Software and hardware are expected to get cheaper in the long run but costs associated with support will rise, according to Computerworld 1000 Survey respondents.
We asked 30 of the nation's top IT managers what they thought about legalised parallel importing and what it means for New Zealand's IT industry. Twenty-six respondents expect the cost of support to increase, although 19 respondents feel the cost of software and hardware alone will decrease.
Nearly all the respondents, 25 out of 30, believe the government should have initiated a review of the parallel importing legislation before it was announced to ensure all parties were able to give their opinions.
For Bruce Ladbrook, IT manager for National Insurance, the major issue with parallel importing is one of globalisation. "If the software developers are working in a truly global marketplace, then it shouldn't be an issue for them at all."
Ladbrook agrees that the new legislation could mean an increase in the cost if local distributors are forced to support product brought in by another company. If that happens he would rather buy support services separately from the product itself, possibly through a third party. "If a company is genuinely adding value to the product then people will still buy from it. If they're not, then people will go elsewhere."
We also asked whether local distributors should support products imported and sold by other importers. Seven say they should but 19 say they should not. Most of the major vendors have global agreements that allow for product support on a worldwide basis.
Hewlett-Packard's peripheral products manager, Justin Tye, says HP will continue to support products from overseas that are under warranty, despite the extra cost to HP New Zealand. "Our pricing structure is based on the number of sales we make in New Zealand, so any imported products represent an additional cost to us."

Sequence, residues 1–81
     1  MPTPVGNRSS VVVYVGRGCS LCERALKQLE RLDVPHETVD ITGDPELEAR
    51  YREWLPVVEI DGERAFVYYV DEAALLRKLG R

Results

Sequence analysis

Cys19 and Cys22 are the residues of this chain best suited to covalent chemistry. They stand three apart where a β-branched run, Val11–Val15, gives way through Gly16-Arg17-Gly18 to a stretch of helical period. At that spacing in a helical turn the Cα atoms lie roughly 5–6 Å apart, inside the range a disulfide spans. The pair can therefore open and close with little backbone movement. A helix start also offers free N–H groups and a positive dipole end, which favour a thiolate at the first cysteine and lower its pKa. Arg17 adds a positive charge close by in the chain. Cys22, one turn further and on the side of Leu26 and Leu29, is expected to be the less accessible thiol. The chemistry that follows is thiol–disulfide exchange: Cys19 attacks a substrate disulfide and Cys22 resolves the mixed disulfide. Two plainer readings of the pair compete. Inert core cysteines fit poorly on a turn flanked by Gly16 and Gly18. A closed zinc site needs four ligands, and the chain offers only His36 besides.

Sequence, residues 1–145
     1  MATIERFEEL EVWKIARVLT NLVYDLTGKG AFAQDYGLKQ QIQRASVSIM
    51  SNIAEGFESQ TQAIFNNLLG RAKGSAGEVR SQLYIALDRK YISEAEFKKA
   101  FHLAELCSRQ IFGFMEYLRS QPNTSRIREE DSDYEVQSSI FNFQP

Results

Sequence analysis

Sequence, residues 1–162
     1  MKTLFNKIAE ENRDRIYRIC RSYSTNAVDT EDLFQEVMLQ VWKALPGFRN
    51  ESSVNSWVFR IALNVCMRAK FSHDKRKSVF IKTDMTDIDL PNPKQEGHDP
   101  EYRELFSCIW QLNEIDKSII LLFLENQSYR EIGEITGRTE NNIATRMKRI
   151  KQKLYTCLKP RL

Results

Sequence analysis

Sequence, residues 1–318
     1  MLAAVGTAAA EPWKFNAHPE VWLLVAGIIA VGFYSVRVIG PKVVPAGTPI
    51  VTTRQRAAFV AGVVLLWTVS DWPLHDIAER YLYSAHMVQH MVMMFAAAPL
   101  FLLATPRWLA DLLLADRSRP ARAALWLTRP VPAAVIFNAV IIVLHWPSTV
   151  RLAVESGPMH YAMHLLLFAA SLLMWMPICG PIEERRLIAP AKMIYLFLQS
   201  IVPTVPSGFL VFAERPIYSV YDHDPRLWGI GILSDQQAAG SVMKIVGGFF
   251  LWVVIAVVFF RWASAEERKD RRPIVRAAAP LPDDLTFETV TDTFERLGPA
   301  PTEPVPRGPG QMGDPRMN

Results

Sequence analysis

Tye points out that it would be difficult for an overseas supplier to provide an HP product at less cost than product sourced from HP New Zealand as margins in the IT industry are very tight.
We asked respondents whether pirated software would increase as a result of the legislation. Opinion was almost evenly divided between the two sides. Fourteen respondents said the legislation would increase piracy, 13 believed it would not. Many respondents believed it would be easier to import illegal software but more difficult to find it once it was in New Zealand.
Ladbrook believes Customs will need a boost in funding to compensate for this increase.
"It stands to reason — if we can't catch them so easily once the software's here, we must stop them at the border."